Steve Gerber Footnotes (Reprise)


Friday, December 29, 2006

NOTE: As the second issue of Comics Comics is just now being distributed to many comics stores for the first time, this is a special encore presentation of an earlier post.

Consider this an errata slip to Comics Comics #2. Unfortunately, two footnotes were left out of the printed copy of my essay on Steve Gerber in the story, so I decided to reprint them here. They will not make sense without the essay, so please feel free to skip this post if you don’t have it.

Footnote 1 — This should have been attached to the third paragraph of Section II: The Duck:

This reviewer is not old enough to have read these comics when they came out, so their funniness at publication is impossible to determine fairly. It may be worth noting, though, that in 2002, Marvel published a new Howard the Duck mini-series written by Steve Gerber, and the topical humor there ranges from the obvious and forced (a boy band literally manufactured in a laboratory by an evil corporation) to the fairly sharp and pointed (there’s a pretty devastating satire of Warren Ellis’s Transmetropolitan and that title’s futuristic Hunter S. Thompson-clone protagonist, whose book collection prominently features copies of The Bluffer’s Guide to Cyberpunk and Egotism Without Charisma). A mixed bag, basically, but one entertaining enough to be worth reading, if you’re so inclined.

Footnote 2 — This should have been attached to the sixth paragraph of Section III: The Unknown:

See, for example, this Gerber quote from Gary Groth’s 1978 interview with the writer: “Glance through a typical Marvel or DC book, you’ll find that, regardless of which character the magazine features, the material will be arranged in roughly the following way: a three-page fight or chase scene to open; about two pages of the character in his secret identity; three more pages of the character back in costume, either engaged in a second fight with the villain or swinging around the city looking for the villain and encountering other little obstacles along the way; a couple more pages of the alter ego; and then the big fight scene at the end. That’s the formula… All of it reads alike.”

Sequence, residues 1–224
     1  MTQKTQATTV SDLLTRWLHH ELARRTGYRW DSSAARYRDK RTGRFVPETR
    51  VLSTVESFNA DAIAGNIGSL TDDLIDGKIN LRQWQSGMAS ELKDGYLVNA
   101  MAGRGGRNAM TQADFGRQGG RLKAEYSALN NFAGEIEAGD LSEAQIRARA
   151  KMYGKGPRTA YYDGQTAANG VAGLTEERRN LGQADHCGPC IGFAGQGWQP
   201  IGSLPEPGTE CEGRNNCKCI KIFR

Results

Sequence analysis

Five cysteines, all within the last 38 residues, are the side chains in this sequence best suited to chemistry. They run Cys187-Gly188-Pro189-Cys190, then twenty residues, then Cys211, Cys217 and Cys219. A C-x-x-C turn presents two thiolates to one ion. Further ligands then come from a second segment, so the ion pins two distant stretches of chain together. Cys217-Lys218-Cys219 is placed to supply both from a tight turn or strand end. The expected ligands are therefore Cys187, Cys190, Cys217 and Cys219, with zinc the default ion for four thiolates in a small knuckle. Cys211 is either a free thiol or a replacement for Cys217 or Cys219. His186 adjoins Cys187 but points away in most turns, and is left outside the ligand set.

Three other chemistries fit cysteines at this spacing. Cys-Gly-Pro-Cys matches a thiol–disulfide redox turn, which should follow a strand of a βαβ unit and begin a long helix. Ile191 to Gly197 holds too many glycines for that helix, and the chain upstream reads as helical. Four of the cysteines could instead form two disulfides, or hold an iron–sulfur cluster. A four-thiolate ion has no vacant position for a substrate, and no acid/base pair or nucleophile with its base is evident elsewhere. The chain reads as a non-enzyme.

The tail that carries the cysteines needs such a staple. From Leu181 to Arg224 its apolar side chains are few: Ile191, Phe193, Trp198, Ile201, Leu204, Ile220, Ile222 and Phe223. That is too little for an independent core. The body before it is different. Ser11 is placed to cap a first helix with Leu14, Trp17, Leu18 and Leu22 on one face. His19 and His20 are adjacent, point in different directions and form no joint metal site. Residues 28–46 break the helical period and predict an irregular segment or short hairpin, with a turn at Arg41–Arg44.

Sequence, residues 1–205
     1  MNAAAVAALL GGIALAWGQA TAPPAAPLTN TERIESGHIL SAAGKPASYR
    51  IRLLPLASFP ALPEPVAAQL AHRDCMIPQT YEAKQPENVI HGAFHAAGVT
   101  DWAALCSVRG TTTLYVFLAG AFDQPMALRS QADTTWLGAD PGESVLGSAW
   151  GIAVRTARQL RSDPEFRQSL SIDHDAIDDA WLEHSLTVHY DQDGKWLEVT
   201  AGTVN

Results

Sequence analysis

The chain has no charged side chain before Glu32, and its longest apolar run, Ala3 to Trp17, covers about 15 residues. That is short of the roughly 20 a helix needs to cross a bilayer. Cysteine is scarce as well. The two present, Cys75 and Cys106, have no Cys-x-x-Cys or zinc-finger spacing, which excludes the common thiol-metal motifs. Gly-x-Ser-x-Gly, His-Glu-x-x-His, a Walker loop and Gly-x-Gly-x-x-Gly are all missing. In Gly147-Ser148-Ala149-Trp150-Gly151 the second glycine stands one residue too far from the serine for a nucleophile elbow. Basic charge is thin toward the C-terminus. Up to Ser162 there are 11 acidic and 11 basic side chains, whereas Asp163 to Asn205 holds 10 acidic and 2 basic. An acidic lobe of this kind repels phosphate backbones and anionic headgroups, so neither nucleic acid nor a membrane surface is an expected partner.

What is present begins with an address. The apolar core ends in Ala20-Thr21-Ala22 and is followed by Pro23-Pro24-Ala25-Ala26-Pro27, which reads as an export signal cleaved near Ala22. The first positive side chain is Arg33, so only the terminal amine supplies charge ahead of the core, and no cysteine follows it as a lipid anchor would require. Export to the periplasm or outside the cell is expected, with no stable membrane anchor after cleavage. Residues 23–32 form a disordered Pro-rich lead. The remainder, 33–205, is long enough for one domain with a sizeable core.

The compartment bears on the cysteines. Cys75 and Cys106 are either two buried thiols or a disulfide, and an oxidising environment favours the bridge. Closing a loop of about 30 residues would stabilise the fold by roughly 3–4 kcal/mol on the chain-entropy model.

That’s it. I hope this is helpful, and apologize for the mistake.

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One Response to “Steve Gerber Footnotes (Reprise)”
  1. Len Riggio says:

    Howard the Duck #4 was the second comic I ever bought, back at the local U-Tote-M when I was in 7th grade. It was by far my favorite series until it petered out (and my interest in comics petered out for a while). I loved its absurdism.

    From the vantage point of today, the humor does seem a bit obvious, but in my 7th grade mind, it was daring and sophisticated. Now when I look at it, I am struck by the bizarre juxtaposition of Gene Colan’s moody, realistic art with the bizarre subject matter. When I first read these comics, I didn’t really notice this irony.

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